One Anaheim City Council member wants voters in town to strengthen property owners’ rights this upcoming election in a city that’s repeatedly shot down rent control efforts.
The idea would allow people like landlords to “establish the price for which their property is sold, leased, rented, transferred or exchanged,” said Councilmember Trevor O’Neil, who proposed the idea at the City Council’s most recent July 19 meeting.
Citing the “cost of inflation on the rise in California,” O’Neil said that night he aims “to place a charter amendment on the November general election” as a ballot measure and directed staff to come back with more information at the council’s next meeting on Aug. 9.
O’Neil didn’t respond to phone and messages seeking comment Wednesday, namely questioning whether the idea would then shield property owners from overhead regulations like the statewide rent increase cap known as Assembly Bill 1482.
“We have not sat down with Mayor Pro Tem O’Neil on his proposal,” wrote city spokesman Mike Lyster in an emailed response to questions Wednesday. “We look forward to learning more at that time and sharing information in a staff report ahead of our Aug. 9 meeting.”
The state rent control law, which took effect in 2020 and expires in 2030, limits annual rent hikes to no more than 10%.
It also sets just cause eviction standards – to prevent unfair evictions – for landlords looking to boot a tenant.
Meanwhile, Anaheim officials – including O’Neil – have in the past rejected protection proposals on the renter’s end, in a town where 54% of Anaheim’s housing stock is rented, according to U.S. census data.
In 2019, the council majority under former Mayor Harry Sidhu denied the idea of rent control on multiple occasions – the last time being in October of that year, when the proposal was shelved.
At the time, much concern surrounded the retirees and fixed-income seniors living at the Rancho La Paz mobile home park straddling Anaheim and its neighbor city, Fullerton. Faced with rent hikes and growing desperation, residents at the time cast their options in grim terms: To relocate, or let go of their own lives.
O’Neil, at the council’s October 2019 meeting, joined Sidhu in attempting to cut off the rent control discussion.
When former council member Jordan Brandman proposed a program modeled off one Fullerton adopted, covering the Rancho La Paz seniors under a rent subsidy, O’Neil introduced a safety net program and subsidy instead. Still, it wasn’t expected to roll out until the following year.
One day after the council’s October 2019 meeting, rents at the mobile home park went up.
The program O’Neil proposed became part of what is known as the Senior Safety Net Program, which includes tenant rental payment assistance and has since 2020 provided more than $264,000 in assistance to seniors needing help with rent, according to Lyster.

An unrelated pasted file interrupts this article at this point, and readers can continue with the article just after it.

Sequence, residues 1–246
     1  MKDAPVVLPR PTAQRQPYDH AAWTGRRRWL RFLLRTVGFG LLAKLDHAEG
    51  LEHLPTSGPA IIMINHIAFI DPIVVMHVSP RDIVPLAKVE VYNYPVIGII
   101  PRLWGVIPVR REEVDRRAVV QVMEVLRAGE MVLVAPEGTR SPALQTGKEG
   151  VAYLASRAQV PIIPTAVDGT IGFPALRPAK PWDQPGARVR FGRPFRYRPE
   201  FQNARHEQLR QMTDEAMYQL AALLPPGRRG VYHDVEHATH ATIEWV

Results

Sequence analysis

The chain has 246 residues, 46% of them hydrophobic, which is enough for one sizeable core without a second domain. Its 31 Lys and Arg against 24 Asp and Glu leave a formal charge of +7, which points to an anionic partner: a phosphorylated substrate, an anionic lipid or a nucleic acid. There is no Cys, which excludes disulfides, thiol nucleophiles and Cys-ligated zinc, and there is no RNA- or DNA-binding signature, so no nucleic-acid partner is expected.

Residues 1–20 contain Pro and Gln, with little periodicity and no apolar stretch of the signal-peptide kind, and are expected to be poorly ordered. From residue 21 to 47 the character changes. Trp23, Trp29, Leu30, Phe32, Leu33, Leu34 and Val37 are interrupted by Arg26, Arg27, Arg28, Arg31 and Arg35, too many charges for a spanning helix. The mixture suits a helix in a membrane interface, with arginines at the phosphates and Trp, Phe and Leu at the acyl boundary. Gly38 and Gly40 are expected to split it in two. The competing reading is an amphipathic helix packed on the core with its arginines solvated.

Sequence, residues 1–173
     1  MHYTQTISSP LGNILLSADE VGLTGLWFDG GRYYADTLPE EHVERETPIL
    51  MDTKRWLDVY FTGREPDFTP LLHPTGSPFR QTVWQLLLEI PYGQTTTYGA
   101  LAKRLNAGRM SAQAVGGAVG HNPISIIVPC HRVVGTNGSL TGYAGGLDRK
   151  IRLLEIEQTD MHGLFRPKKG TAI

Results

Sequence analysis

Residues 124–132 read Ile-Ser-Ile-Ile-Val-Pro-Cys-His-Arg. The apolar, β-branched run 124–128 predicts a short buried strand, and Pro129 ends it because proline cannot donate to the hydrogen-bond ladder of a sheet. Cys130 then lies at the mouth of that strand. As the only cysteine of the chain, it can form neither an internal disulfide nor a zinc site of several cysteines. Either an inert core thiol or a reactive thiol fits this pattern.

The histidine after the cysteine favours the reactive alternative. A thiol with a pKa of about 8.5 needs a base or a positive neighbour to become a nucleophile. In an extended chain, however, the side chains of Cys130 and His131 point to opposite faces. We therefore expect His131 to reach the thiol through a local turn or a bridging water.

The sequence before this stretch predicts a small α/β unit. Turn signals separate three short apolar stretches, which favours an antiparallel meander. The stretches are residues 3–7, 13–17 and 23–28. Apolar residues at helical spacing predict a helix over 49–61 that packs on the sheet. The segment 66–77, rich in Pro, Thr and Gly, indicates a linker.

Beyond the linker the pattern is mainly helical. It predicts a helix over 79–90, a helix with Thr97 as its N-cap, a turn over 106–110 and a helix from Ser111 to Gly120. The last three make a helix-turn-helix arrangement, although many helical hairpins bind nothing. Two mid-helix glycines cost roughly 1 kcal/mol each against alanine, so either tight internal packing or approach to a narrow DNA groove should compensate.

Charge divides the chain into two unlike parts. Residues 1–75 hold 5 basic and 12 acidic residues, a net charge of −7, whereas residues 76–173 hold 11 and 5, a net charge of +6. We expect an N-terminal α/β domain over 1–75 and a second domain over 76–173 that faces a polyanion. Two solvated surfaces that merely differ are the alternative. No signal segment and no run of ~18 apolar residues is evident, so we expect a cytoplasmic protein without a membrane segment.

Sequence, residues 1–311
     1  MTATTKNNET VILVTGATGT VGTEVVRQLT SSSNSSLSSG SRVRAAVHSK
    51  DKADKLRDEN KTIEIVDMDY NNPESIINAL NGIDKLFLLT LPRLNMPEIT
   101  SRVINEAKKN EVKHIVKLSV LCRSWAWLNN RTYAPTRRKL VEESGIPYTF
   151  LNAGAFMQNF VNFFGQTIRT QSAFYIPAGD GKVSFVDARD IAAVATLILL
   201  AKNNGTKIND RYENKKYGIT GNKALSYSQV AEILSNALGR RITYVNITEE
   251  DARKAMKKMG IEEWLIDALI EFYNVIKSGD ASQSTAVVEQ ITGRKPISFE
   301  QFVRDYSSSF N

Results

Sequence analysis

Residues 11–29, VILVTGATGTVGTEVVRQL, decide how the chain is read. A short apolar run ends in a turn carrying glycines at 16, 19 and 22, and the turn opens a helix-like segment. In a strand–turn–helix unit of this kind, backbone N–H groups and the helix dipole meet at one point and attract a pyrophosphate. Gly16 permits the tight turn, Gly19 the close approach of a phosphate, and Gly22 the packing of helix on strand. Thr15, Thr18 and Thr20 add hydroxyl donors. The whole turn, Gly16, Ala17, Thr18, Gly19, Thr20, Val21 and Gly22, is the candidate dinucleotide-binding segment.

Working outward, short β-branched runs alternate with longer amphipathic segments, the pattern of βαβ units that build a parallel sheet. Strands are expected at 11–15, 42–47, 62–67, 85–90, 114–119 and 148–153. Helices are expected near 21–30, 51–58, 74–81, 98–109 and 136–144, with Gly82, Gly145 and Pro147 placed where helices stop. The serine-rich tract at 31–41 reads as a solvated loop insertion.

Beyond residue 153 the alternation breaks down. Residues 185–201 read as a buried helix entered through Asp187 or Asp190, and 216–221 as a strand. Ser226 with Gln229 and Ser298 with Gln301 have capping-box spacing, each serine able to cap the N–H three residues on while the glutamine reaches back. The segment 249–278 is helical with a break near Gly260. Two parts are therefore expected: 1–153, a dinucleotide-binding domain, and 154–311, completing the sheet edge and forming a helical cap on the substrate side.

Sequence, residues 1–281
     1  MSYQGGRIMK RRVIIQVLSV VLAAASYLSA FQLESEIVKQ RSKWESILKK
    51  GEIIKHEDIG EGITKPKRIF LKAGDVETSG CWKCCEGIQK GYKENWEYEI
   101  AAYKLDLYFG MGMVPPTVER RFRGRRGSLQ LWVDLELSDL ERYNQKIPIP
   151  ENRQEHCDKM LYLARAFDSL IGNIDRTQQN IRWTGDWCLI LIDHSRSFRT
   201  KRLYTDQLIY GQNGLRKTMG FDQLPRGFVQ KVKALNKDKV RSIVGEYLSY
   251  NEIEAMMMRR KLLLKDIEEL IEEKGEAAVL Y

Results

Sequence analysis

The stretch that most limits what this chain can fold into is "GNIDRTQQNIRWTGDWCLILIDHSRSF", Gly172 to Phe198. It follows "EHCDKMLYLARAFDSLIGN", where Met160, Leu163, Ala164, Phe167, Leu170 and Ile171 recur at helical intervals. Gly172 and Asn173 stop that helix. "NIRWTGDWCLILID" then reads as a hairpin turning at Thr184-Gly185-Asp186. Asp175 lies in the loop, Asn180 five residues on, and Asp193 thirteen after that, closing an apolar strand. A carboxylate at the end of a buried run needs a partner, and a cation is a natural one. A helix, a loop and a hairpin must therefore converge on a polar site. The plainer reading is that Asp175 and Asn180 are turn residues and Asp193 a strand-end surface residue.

“Assistance was provided to seniors living in mobile home communities, but we don’t have a breakdown by mobile homes or apartments readily available,” Lyster said.
Eventually, last year, mobile home park residents won protection through Sacramento, where lawmakers passed a rent control bill authored by State Assemblymember Sharon Quirk-Silva.
Rancho La Paz resident Lupe Ramirez spearheaded advocacy on the Sacramento route. She’s also turned up at recent meetings this year to chide officials for sitting the protection efforts out.
“You are killing the senior citizens in this park, and damn it, wake up and realize that every single one of you have mobile home parks in your areas where you have seniors that can’t make it,” Ramirez said during public comments at a July 12 meeting.
“This is the last vestige of affordable homes for low-income people, for senior people,” she added. “You greedy jackasses are killing them.”
Among those who left the park in recent years was former resident Cheryl Moi, who with her husband sold their mobile home and moved to Henderson, Nevada.
But Moi returned to town this month, namely to speak at the July 19 meeting – the same night O’Neil introduced his property owners ballot idea.
Rancho la Paz “became a nightmare,” Moi recalled, adding, “Harry Sidhu showed us how little he cared about our troubles, and others went along with his lead.”
Moi, like others in the audience that night, signed up to speak amidst an FBI public corruption probe that’s hit the city since she left – one which forced the resignation of Sidhu and resulted in a federal criminal guilty plea by the old Chamber of Commerce CEO.
But neither were at the meeting to hear those words – only the remaining members of Sidhu’s majority voting bloc, O’Neil included.
Before making his property owner ballot proposal, O’Neil and the rest of the majority turned down a proposal to let voters decide on a Disneyland gate tax to bridge the city deficit and fund things like libraries and parks.
Before that, O’Neil and the majority turned down proposals to let voters decide on campaign finance reform – pushed to lessen the influence of corporate interests in local elections – on three occasions.